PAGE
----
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Friday, February 22, 2013

Cracking down on Blasphemy

The vile anti-Muslim video and the First Amendment: Does the U.S. overvalue free speech? - Slate Magazine


"The problem with arguing that blasphemy shouldn't have First Amendment protection lies in defining blasphemy. If I were to say "Jesus Christ is the Son of God" I have just committed a rather foul blasphemy by both Jewish and Muslim standards (to say nothing of the Atheist view of such a statement). But if I say "Jesus Christ was just another preacher of no special significance" then I have committed a Christian blasphemy. And those three religions all worship the same God. Either statement is blasphemy to a Hindu, and Hindu polytheism is blasphemous to Christians, Jews AND Muslims.

For that matter, you cannot teach a comparative religion class without committing blasphemy or bias, since you either have to start with the presumption a given religion might not be The One True Way or you have to declare one religion is right and that others are wrong. Bias and/or blasphemy.

"I feel that you have no right to write this article. I am offended and thinking about setting things on fire."

"There is no reason at all why we should allow the sensibilities of other people to define our rights. But Mr. Posner is free to go live under Sharia Law if he holds freedom of expression in such poor regard."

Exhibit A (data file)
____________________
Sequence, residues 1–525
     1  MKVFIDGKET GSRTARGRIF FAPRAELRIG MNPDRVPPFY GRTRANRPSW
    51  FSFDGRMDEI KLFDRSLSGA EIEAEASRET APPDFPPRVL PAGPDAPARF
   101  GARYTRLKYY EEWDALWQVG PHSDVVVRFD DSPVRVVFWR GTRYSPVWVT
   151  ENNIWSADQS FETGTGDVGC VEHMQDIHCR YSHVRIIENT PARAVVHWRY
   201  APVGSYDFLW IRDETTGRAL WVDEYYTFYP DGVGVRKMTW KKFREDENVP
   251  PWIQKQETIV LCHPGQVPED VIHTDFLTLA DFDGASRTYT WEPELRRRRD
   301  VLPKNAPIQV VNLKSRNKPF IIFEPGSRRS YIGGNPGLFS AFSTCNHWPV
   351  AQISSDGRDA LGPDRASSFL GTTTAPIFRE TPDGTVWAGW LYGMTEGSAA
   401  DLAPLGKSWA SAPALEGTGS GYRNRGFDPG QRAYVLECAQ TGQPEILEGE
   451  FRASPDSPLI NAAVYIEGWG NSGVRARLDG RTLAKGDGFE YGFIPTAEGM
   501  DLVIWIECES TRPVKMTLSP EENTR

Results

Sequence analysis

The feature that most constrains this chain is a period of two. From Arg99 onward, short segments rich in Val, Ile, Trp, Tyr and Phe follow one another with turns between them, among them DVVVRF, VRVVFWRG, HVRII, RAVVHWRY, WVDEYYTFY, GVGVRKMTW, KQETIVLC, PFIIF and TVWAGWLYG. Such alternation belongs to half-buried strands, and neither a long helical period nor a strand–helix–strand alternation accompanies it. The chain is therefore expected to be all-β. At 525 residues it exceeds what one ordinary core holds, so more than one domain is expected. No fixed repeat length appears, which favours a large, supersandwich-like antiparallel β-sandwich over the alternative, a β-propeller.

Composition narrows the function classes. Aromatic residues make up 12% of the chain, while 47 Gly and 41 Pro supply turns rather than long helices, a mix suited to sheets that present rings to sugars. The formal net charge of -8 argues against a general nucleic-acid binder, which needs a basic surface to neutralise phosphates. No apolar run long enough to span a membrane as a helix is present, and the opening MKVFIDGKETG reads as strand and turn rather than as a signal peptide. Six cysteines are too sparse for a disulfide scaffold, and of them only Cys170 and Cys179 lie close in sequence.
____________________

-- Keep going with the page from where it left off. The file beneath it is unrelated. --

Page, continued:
"So, Posner, you'll be happy for us to censor your articles?"

"Your view seems to be that we should reward violence... When Muslims react to mockery with violence liberals seek to accommodate them. When Christians react to mockery with turning the other cheek liberals mock them even more and accuse them of all manner of crimes and fanaticism."

"Sharia is not a comprehensive legal code. The word translates roughly to "justice." Many Muslim countries have recognized that it is incompetent in criminal law because it lacks procedures for investigation and discovery and that it is severely limited in civil law because it has not adapted to modern necessities of contract law. It is widely used for family law, in much the same way that many modern religions have turned to counseling as the hearing of first resort"
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